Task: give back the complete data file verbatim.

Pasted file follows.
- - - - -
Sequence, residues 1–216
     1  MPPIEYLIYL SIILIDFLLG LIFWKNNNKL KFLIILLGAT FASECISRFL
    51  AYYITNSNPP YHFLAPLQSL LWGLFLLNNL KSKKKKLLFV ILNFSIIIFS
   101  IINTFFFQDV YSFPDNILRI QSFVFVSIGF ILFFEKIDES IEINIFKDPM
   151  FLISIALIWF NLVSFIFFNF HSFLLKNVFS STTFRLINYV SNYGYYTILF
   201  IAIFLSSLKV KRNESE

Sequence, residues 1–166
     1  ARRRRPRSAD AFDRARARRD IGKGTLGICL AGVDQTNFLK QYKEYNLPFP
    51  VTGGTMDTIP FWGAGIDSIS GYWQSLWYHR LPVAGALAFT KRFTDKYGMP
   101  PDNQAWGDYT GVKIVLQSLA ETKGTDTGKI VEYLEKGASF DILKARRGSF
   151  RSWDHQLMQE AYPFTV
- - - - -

Sequence, residues 1–216
     1  MPPIEYLIYL SIILIDFLLG LIFWKNNNKL KFLIILLGAT FASECISRFL
    51  AYYITNSNPP YHFLAPLQSL LWGLFLLNNL KSKKKKLLFV ILNFSIIIFS
   101  IINTFFFQDV YSFPDNILRI QSFVFVSIGF ILFFEKIDES IEINIFKDPM
   151  FLISIALIWF NLVSFIFFNF HSFLLKNVFS STTFRLINYV SNYGYYTILF
   201  IAIFLSSLKV KRNESE

Sequence, residues 1–166
     1  ARRRRPRSAD AFDRARARRD IGKGTLGICL AGVDQTNFLK QYKEYNLPFP
    51  VTGGTMDTIP FWGAGIDSIS GYWQSLWYHR LPVAGALAFT KRFTDKYGMP
   101  PDNQAWGDYT GVKIVLQSLA ETKGTDTGKI VEYLEKGASF DILKARRGSF
   151  RSWDHQLMQE AYPFTV